PARISIEN medics are selflessly pushing themselves to breaking point in an attempt to save the hundreds of victims injured by Islamic State (ISIS) shooters in Paris.
Surgeons, nurses and doctors have been battling to save their lives since the fateful attack on France’s capital on Friday night which left 129 dead and 352 injured.
A dramatic photo of the A&E department at St Louis Hospital shows a scene which would be more at home in a war zone, with blood stains covering the ward and multiple medics crammed in side-by-side as they attempt to save the severely injured victims.
The hospital, just over a less than a mile away from Le Bataclan concert hall, took on most of the victims shot at in the worst-affected of the six places targeted.
A total of 89 people were killed as they watched an Eagles of Death Metal concert at the venue.
One nurse, Catherine, said Friday night’s events at St Louis Hospital were “surreal” but she had been overwhelmed with the “incredible wave of solidarity” among staff.
She said: “I prefer to remember this incredible wave of solidarity that I have seen – all the staff, the doctors, surgeons, nurses who spontaneously phoned to offer the support and come in the middle of the night without even being asked.
“That night, I would hold that I was proud of my profession, my colleagues and my hospital.”
Dr Philippe Juvin, an anaesthesiologist who worked in Afghanistan with French troops in 2008, said nothing he dealt with in the war zone was as difficult as Friday night.
The head of Georges Pompidou hospital’s emergency department revealed he was called back to work about two hours after the attacks started.
Most of the victims coming in were young people shot at Le Bataclan with what he described as “war wounds” in their legs, arms, abdomen and thorax.
He said he saw “many gun battles, explosions, buildings on fire, accidents with casualties” in Aghanistan, but added: “I had never seen as many victims at once. But we managed somehow.”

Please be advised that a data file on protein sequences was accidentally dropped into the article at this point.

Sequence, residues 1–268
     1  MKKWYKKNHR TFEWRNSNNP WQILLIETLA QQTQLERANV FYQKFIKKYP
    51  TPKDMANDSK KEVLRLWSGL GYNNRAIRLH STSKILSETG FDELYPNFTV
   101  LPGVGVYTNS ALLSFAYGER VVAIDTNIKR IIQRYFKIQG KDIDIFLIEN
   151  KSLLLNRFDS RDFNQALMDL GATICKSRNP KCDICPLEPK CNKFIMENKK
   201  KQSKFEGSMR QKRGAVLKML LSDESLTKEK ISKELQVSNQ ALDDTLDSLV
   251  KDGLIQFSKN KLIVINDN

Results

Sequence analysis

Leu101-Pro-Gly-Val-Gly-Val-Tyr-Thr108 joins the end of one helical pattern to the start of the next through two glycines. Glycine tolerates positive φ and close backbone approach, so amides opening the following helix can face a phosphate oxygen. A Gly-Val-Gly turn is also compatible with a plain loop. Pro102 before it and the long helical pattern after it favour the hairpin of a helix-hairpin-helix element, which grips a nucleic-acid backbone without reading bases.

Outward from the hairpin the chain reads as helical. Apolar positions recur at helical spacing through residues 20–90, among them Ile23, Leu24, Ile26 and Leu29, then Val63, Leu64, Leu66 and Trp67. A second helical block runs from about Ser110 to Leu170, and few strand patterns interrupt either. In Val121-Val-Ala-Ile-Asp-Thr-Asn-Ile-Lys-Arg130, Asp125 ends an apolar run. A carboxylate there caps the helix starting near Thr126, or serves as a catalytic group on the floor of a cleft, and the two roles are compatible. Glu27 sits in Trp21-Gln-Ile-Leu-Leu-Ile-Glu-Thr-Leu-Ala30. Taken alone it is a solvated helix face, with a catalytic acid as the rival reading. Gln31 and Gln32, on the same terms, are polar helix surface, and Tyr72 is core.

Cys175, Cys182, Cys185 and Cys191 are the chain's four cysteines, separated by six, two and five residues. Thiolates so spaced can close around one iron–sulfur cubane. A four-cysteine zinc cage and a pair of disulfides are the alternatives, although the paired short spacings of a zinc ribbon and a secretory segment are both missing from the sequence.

The 51-year-old said doctors living near the hospital and physicians on holiday in Paris all showed up to help, which he said meant more lives were saved.
And a surgeon at Lariboisiere Hospital said he had seen victims with broken jaws, cracked skulls, gouged-out eyes and shattered limbs.
He said: “There was a feeling of great desolation.”
Other doctors across Paris told how patients’ were in such deep shock it was “as if they had been drugged”.
A patient who had been shot in the liver simply asked: “Is it serious?”
Dominique Pateron, head of St Antoine Hospital’s A&E department, said: “It’s as if they were petrified. They’re not expressing any normal emotions.”
Doctors are still battling to save dozens of patients’ lives but warned most will suffer ongoing problems and multiple surgeries.
Today, as the globe reeled from the second round of attacks on Paris in 10-months, France was joined by the world in a minute’s silence to remember those innocently slaughtered.
President Francois Hollande was at Paris’ Sorbonne University for the minute’s silence in recognition of the large number of young people among the 129 dead.
He later said his country “is at war” and will be increasing attacks on ISIS in Syria.
source: Daily Telegraph /YouTube